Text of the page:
• Sun. Jun 23rd, 2024


The Pet encyclopedia

Northern Ireland’s Climate Action Plan 2023


Northern Ireland is one of the most nature depleted countries in the world. It’s the 12th worst performing country for biodiversity on the global list. It was also the last part of the UK and Ireland to pass its own climate change legislation. That’s why last year’s decision by the Northern Ireland Assembly to pass our first Climate Change Act was so significant. But changing the law was only the start. Now, the hard work begins to implement the changes that the Act demands.

In the next few months Northern Ireland’s first Climate Action Plan, covering 2023 to 2027, will be released for public consultation. Our new law states that the Climate Action Plans must set out policies and programmes to put Northern Ireland on course to reach net zero by 2050.

But with the Assembly not sitting, there’s a risk that the Climate Action Plan will suffer from a lack of ambition which would go entirely against the spirit of what is now the law. Now is the time for decision makers to step up, regardless of whether the Assembly is functioning or not. The nature and climate emergency is a threat to our communities, our economy, our environment and our future.

Black Guillemot, copyright Glyn Sellors, from the surfbirds galleries

RSPB NI has laid out 4 key tests that we believe the policies and programmes in the Climate Action Plan must meet:

1.      Ensure that Northern Ireland remains on course to meet net zero by 2050, and realise the economic opportunities of investing in nature and climate.

2.      Embed nature-based solutions at the heart of climate action (fulfilling clause 34 of the Climate Change Act (NI) 2022)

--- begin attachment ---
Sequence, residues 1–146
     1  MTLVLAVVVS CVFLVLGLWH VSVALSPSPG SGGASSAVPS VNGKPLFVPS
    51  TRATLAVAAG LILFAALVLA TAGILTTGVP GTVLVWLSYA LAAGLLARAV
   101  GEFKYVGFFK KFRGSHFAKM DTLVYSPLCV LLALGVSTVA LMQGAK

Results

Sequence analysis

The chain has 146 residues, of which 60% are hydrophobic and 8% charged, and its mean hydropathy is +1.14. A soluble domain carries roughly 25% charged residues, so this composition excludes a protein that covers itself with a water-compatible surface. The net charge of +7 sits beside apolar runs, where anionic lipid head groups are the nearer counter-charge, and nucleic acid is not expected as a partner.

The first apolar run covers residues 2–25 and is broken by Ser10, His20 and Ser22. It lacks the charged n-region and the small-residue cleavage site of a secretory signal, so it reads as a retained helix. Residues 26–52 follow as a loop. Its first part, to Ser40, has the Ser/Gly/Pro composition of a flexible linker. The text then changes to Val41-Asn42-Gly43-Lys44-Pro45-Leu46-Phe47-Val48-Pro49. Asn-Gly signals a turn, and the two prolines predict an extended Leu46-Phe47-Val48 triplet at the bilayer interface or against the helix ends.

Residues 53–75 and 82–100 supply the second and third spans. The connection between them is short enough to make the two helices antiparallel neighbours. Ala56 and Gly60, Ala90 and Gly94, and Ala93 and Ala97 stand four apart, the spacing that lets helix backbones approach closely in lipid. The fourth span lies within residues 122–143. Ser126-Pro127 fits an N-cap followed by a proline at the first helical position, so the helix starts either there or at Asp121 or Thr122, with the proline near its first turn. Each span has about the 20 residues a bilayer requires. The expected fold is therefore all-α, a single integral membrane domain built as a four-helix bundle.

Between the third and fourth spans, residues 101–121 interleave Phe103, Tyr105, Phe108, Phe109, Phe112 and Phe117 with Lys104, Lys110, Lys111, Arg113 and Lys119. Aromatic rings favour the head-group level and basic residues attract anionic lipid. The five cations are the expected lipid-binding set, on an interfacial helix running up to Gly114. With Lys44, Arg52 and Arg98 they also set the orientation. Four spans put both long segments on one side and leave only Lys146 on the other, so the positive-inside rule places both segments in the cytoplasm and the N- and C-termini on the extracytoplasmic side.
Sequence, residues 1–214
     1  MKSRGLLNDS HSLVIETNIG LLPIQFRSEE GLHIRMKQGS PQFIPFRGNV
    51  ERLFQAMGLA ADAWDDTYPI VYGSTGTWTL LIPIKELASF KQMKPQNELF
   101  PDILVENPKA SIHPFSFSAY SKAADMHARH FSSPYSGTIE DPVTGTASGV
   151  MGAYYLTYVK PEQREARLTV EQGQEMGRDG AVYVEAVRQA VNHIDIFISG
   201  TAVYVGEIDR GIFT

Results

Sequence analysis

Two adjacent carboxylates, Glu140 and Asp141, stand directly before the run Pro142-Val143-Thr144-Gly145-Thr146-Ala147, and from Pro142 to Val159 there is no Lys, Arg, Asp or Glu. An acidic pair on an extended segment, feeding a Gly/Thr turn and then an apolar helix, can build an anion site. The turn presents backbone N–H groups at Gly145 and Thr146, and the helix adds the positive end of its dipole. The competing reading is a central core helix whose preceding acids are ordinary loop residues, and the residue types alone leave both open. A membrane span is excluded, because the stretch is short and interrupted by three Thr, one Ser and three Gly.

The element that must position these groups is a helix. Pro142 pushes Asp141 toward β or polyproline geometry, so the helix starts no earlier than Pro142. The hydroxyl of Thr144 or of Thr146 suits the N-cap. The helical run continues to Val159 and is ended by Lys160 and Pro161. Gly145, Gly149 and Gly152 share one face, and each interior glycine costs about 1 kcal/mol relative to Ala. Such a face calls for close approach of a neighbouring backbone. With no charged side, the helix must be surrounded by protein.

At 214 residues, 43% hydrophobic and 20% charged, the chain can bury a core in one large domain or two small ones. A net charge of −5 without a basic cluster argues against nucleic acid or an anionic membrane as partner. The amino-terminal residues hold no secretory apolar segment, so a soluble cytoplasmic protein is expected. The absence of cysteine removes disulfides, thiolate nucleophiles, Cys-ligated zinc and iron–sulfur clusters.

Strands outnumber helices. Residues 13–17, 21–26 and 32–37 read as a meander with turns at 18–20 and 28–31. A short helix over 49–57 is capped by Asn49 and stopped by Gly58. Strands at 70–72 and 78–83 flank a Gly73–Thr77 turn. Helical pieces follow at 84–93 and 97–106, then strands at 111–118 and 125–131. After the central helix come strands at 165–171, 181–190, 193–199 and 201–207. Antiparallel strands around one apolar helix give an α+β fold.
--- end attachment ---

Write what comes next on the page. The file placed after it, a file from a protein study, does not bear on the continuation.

3.      Support a just transition to nature & climate friendly farming.

4.      Ensure renewables are delivered in a nature positive way on and offshore.

While the new Climate Action Plan will be a step in the right direction, RSPB NI wants a Climate Action Plan that doesn’t create the unintended consequence of encouraging developments that damage our fragile natural environment.

For example, it’s obvious that we need much more renewable energy to reach net zero. In 2022, over half the electricity used in Northern Ireland came from local renewable sources. But renewable energy infrastructure in the wrong places can do more harm than good to some of our most endangered species and habitats. Decarbonising energy is a vital part of efforts to reach net zero, so the Climate Action Plan must ensure that the deployment of renewable technology both on-shore and off-shore, takes place in the most suitable locations. That is why RSPB NI is calling for the deployment of renewable energy in harmony with nature. Northern Ireland must champion a plan-led approach that avoids sensitive sites for nature on land and at sea. Proposals must be accompanied by robust environmental assessment based on accurate data.

In Northern Ireland, we have a thriving agriculture sector and it can become a driver in fighting climate change. By farming sustainably for food and to deliver ‘public goods’, farmers can benefit their bottom lines while also improving soil health, sequestering carbon and supporting nature. Farming less intensively will help cut agriculture’s current contribution of 28% of Northern Ireland’s annual carbon emissions and help reverse its contribution to widespread habitat and species loss. RSPB NI is calling for a Just Transition to support the agricultural sector to ensure that farmers, across the board, benefit from the transition to sustainable agriculture.

That’s why our first Climate Action Plan must provide a pathway for farmers to farm sustainably. But to do this, leadership is required. A ‘business as usual’ approach will leave Northern Ireland further behind the rest of the UK and Ireland when it comes to our climate change responsibilities.

Of course, we want to see the restoration of our Assembly and Executive, so our politicians can provide the leadership we so desperately need to address the nature and climate emergencies. But we can’t afford to wait. We are already into the first period of the Climate Action Plan (2023-27) so we must move forward at pace. Whether it’s a restored Executive, civil servants or the Secretary of State, there is no excuse for government not taking effective action. RSPB NI will base our response to the draft Climate Action Plan around our ‘four key tests’ which if met, will ensure that the proposed policies and programmes match the ambition of our landmark Climate Change Act.